Note to editors:
Photos can be downloaded from here:
Caption: Microscopic image of lattice vibrations in a two-dimensional crystal consisting of a monolayer of approx. 6,500 colloids. Deviations of particle positions from ideal lattice sites can be observed. If these deviations grow (logarithmically) with the system size beyond all limits, they are due to Mermin-Wagner fluctuations. In a three-dimensional crystal, particle distances are fixed and deviations are limited, irrespective of the size of the crystal.
Caption: Dr Peter Keim, University of Konstanz
Proceedings of the National Academy of Sciences (PNAS) 114, 1861 (2017)
Comments highlighting the original publication:
Proc. Natl. Acad. Sci. 114, 2440 (2017)
Nature Physics 13, 205 (2017)
University of Konstanz
Communication and Marketing
Phone: +49 753188-3603
Julia Wandt | EurekAlert!
Meteoritic stardust unlocks timing of supernova dust formation
19.01.2018 | Carnegie Institution for Science
Artificial agent designs quantum experiments
19.01.2018 | Universität Innsbruck
On the way to an intelligent laboratory, physicists from Innsbruck and Vienna present an artificial agent that autonomously designs quantum experiments. In initial experiments, the system has independently (re)discovered experimental techniques that are nowadays standard in modern quantum optical laboratories. This shows how machines could play a more creative role in research in the future.
We carry smartphones in our pockets, the streets are dotted with semi-autonomous cars, but in the research laboratory experiments are still being designed by...
What enables electrons to be transferred swiftly, for example during photosynthesis? An interdisciplinary team of researchers has worked out the details of how...
For the first time, scientists have precisely measured the effective electrical charge of a single molecule in solution. This fundamental insight of an SNSF Professor could also pave the way for future medical diagnostics.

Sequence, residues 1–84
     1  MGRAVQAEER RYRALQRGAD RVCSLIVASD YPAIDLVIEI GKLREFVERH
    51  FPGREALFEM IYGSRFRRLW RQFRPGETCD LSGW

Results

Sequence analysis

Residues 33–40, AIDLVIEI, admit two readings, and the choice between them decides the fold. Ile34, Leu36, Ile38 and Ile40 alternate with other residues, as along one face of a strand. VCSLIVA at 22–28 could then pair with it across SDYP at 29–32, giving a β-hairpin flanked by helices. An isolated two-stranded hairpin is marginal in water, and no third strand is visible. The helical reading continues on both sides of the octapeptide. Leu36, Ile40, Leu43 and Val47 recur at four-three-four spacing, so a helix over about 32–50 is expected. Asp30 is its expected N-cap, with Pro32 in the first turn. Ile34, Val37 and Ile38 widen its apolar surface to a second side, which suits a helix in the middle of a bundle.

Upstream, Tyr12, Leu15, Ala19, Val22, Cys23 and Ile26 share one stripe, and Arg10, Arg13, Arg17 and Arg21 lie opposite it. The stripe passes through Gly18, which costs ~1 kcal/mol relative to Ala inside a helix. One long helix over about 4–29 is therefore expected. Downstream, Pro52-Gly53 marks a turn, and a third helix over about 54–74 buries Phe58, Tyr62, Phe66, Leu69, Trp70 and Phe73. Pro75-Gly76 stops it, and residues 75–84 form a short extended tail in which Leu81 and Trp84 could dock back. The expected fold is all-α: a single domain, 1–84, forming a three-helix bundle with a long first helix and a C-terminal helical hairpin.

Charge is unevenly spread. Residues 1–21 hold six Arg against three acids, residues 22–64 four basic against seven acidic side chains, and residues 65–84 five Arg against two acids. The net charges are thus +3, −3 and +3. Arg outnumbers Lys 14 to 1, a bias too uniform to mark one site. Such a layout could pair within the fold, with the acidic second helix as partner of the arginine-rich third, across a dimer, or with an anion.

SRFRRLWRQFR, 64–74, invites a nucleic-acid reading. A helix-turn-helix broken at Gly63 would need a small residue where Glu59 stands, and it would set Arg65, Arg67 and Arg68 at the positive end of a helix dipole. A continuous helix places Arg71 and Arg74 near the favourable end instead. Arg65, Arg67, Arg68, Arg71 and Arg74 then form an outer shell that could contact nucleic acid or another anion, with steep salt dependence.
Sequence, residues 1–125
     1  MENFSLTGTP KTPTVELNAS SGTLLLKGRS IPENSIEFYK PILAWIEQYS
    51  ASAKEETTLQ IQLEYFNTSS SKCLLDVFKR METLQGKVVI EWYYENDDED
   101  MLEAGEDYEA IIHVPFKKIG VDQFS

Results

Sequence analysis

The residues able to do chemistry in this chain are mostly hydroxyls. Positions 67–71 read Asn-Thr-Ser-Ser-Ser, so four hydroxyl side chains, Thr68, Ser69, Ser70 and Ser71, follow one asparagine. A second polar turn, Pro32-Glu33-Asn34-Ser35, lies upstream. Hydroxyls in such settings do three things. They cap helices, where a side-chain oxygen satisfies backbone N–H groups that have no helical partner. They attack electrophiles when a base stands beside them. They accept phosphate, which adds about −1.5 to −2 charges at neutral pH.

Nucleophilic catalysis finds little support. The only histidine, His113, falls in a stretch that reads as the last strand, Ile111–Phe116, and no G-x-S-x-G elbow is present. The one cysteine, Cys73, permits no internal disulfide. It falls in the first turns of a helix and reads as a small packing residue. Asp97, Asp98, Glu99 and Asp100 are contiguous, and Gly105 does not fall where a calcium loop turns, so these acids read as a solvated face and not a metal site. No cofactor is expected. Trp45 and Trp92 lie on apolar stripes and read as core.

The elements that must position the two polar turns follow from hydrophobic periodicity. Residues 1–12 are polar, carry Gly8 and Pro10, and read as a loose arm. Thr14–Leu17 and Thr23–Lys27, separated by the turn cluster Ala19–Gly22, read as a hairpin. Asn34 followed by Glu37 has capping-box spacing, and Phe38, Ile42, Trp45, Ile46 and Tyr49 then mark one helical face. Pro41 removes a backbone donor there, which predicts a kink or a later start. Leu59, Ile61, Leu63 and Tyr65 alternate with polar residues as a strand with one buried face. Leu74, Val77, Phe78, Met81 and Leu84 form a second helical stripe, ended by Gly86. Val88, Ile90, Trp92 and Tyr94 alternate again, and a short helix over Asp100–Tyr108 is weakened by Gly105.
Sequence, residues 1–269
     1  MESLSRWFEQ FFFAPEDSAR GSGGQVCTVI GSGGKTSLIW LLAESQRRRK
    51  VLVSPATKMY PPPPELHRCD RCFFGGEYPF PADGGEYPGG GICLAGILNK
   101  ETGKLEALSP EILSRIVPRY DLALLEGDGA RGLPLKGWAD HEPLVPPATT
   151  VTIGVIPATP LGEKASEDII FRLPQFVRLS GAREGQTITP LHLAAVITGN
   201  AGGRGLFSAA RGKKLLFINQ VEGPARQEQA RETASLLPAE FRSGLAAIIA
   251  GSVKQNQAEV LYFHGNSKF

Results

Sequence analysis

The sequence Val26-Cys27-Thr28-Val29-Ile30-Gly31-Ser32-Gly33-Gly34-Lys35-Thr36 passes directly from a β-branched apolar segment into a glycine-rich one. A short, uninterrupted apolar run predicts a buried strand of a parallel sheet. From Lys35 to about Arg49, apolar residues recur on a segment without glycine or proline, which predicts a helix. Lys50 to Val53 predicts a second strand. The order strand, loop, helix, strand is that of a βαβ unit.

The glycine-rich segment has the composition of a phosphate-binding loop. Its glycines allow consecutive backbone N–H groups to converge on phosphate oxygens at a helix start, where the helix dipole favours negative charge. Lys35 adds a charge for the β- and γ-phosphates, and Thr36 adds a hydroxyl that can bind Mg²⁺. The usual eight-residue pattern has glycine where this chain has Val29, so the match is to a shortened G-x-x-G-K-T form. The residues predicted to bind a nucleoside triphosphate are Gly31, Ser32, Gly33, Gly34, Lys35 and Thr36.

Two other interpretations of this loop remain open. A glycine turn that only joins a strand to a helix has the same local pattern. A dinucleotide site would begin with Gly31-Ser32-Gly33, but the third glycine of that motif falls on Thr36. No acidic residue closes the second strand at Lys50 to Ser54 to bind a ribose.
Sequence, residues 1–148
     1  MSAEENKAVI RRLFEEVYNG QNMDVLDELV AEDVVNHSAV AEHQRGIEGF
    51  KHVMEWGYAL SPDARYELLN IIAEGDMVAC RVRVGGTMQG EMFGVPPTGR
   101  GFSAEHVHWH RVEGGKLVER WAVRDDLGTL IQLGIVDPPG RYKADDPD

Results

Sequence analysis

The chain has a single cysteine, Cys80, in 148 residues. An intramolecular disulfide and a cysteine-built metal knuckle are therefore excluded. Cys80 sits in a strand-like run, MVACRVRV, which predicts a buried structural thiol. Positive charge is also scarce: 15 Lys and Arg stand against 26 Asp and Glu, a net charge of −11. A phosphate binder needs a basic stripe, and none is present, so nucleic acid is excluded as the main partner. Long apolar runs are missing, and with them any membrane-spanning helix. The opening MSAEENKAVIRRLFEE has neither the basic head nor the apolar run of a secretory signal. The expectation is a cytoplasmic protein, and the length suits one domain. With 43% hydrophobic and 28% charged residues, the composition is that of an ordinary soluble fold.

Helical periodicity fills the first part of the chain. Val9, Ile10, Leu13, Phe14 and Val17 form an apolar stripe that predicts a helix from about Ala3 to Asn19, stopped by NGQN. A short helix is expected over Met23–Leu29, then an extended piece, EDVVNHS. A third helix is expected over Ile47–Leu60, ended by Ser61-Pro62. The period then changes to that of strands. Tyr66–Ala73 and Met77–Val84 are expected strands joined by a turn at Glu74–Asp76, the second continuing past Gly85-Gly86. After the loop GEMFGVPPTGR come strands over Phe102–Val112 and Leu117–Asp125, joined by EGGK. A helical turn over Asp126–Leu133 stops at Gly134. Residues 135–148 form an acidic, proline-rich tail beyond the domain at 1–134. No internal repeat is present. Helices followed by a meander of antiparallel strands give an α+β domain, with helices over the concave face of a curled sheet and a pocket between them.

Electrical charge is one of the key properties that allows molecules to interact. Life itself depends on this phenomenon: many biological processes involve...
At the JEC World Composite Show in Paris in March 2018, the Fraunhofer Institute for Laser Technology ILT will be focusing on the latest trends and innovations in laser machining of composites. Among other things, researchers at the booth shared with the Aachen Center for Integrative Lightweight Production (AZL) will demonstrate how lasers can be used for joining, structuring, cutting and drilling composite materials.
No other industry has attracted as much public attention to composite materials as the automotive industry, which along with the aerospace industry is a driver...
Scientists at Tokyo Institute of Technology (Tokyo Tech) and Tohoku University have developed high-quality GFO epitaxial films and systematically investigated their ferroelectric and ferromagnetic properties. They also demonstrated the room-temperature magnetocapacitance effects of these GFO thin films.
Multiferroic materials show magnetically driven ferroelectricity. They are attracting increasing attention because of their fascinating properties such as...
08.01.2018 | Event News
11.12.2017 | Event News
08.12.2017 | Event News
19.01.2018 | Materials Sciences
19.01.2018 | Health and Medicine
19.01.2018 | Physics and Astronomy